"The use of ether ushered in a new age of surgery," Baxendale says. "Before ether they would get patients drunk on whiskey or bourbon and do the surgery as quickly as possible. When the doctors discovered ether, it allowed them to really slow down surgeries and be a lot more meticulous."

Baxendale says he's interested primarily in the period in medical history "when hospitals were sort of evolving from slaughterhouses, in a way--very dirty places where people more often died than were healed--to when they started becoming really clean, sanitary places. I think it's quite beautiful the way they designed hospitals to look streamlined, the way that they tiled surfaces so they could be easily disinfected." Today, he points out, hospitals tend to eschew institutional interior design in favor of "carpets, couches, bad art prints, and other things" to make patients feel at home. In his view, that's backward--people ought to design their homes to resemble hospitals, not the other way around.

In flyers Baxendale gives out he claims the museum upholds the ideals of a little-known turn-of-the-last-century aesthetic movement called "hospitalism," which was "a reaction to the pollution, stressors, and rampant sickness that plagued Americans through the American industrial age." According to these brochures--one of which is titled "Just the Facts"--adherents believed their domestic surroundings, "if properly outfitted" using the hospital aesthetic, "could provide a healing refuge from the perils of industrial age life."

When I press Baxendale for more information on hospitalism he admits he fabricated the movement as an "excuse" for starting the museum. He says he thought historical context--even a fake one--would lend legitimacy to the museum. He adds that he aims to present an "artistically engaging picture of the history of medicine, one that may be a little different from your typical museum, one that has just a little edge to it." And by that he means he's not a stickler for authenticity.

He concedes that in addition to taking liberties with history, he sometimes passes off art as artifact. "I supplement the museum with things of my own making," he says, including large silk-screened prints of drug labels and what he presents as the last remaining swatches of wallpaper for an operating theater. He adds, "Basically everything I did at the Art Institute fed into this project."

Baxendale has a rationale. He says that without "an unlimited expense account or a group of wealthy trustees" enabling the purchase of expensive antiques, "creative representation of objects or historical occurrences can serve to temporarily fill gaps in a museum's collection, while providing visitors with the information necessary to piece together an engaging historical picture."

Even knowing this, one piece in his collection seems particularly out of place: a stuffed yellow-shafted flicker. It sits atop a display case containing "an army surgeon's field kit from World War I," whose canvas pouch contains suspiciously shiny instruments. Baxendale says he found the dead bird in Greektown and got instructions for preserving it from the "fellow who does taxidermy" at the Field Museum. It wasn't terribly difficult, Baxendale says. As he explains, you just make an incision, skin the bird, rinse it in a special solution, put it in a pillowcase with wood chips and shake it dry, sculpt a foam insert for the body, and sew it back up. "It doesn't have much to do with the museum," he admits, gently petting the stuffed creature's head.

Baxendale likes to give museum visitors a 10-by-14-inch souvenir prescription, on which he scrawls his name with complete disregard for the standard cursive alphabet.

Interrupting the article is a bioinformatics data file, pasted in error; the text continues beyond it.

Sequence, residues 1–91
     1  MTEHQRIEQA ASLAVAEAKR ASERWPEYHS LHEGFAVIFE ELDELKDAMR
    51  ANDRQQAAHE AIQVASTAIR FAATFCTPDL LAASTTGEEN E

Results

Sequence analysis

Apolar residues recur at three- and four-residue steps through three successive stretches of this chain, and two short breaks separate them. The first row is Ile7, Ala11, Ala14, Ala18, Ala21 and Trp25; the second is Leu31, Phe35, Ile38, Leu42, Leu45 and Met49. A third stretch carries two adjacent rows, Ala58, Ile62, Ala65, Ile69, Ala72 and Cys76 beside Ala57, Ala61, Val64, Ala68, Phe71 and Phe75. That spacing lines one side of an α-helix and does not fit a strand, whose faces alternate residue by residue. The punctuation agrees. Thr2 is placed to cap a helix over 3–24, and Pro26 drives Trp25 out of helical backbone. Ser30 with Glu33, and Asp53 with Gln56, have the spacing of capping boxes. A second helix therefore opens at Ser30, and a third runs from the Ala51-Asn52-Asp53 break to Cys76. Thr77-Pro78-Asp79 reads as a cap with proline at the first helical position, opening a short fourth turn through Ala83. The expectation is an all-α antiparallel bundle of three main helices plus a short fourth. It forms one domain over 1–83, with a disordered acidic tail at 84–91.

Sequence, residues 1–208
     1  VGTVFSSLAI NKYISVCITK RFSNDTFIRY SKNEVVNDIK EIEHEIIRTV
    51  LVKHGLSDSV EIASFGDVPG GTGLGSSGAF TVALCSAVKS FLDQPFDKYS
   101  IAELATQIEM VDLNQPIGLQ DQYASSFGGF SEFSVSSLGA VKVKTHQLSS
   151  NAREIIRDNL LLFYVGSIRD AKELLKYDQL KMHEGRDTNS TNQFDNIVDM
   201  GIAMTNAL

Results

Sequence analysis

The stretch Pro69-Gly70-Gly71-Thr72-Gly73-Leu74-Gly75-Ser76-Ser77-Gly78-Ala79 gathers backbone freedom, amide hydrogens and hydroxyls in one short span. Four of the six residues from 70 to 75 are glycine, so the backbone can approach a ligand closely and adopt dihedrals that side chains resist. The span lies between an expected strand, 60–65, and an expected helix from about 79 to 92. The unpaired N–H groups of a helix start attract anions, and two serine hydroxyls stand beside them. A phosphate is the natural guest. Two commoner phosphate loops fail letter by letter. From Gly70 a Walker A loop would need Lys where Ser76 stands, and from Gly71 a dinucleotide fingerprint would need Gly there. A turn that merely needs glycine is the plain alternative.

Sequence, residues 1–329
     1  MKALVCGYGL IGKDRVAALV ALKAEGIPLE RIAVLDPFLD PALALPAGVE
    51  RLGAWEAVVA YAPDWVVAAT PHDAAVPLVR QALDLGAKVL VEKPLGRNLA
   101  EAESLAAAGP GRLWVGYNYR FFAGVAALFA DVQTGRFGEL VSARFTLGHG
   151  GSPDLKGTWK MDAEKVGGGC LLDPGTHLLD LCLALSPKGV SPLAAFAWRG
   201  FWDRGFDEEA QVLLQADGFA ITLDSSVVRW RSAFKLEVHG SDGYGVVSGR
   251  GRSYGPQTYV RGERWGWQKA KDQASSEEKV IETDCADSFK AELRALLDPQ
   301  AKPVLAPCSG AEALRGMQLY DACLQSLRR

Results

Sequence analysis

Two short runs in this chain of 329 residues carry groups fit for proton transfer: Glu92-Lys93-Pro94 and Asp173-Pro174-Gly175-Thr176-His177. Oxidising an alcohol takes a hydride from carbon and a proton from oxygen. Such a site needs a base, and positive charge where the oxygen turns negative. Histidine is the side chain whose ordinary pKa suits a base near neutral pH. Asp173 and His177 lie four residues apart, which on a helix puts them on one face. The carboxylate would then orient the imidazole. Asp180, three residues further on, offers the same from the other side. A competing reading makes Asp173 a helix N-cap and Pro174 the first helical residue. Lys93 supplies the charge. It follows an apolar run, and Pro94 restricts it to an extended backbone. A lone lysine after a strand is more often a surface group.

I ask if he ever wanted to be a doctor.

"Kind of," he replies. "There's so much schooling involved--I don't know if I could go through the training. But that does interest me."

I ask what about it interests him.

"I think really the opportunity to help people."

The answer sounds good, just as hospitalism sounded good. But like hospitalism, it turns out not to be true.

"Actually," he confesses, "I'd probably just like to be around all the cool instruments. Yeah, I'd probably just dig being around all the operating rooms and cool instruments. That's probably not reason enough to become a doctor."

Baxendale plans to move the museum into its own space eventually--he likes the idea of creating a venue that will always house his art. He hopes to get a storefront. Or better, an old hospital building. But even then, he says, his apartment would probably still have something of the medical aesthetic. "In this modern age of violence and pollution and with all of the stress going on all around us, I really feel that it's important for someone's home to be outfitted in a way which is very serene and conducive to healing," he says. "I think that even somebody who isn't a typical convalescent can benefit from residing in a space that has all the attributes of a typical convalescent space."

The last stop on the tour is what Baxendale calls the "very popular Amazing Body Pavilion." Fastened to a wall is a detailed 19th-century anatomical mannequin made of paper--essentially a life-size pop-up book that unfolds into seemingly endless layers to reveal the intricacies of the human anatomy. Though its form is male, it includes female reproductive parts and a fetus in various stages of development.

The room also houses a less detailed female mannequin, a relatively contemporary torso with removable parts, and an exhibit of wax anatomical molds. "In the 1700s in Florence, Italy, wax anatomical making became all the rage," he says, "because wax could be used in very thin layers and tinted with natural pigments to make very lifelike representations of human organs."

He points to a wax heart he made, then to a box sitting next to it. "You can press the red button there for the more risque wax anatomical model for adults only."

I press the button, and a light comes on. Female genitalia.

"That actually is not a wax anatomical model," Baxendale says. "It's from a sex catalog." He grins. "Whatever. Heh heh."

Art accompanying story in printed newspaper (not available in this archive): photos/Saverio Truglia, Derrick Beasley.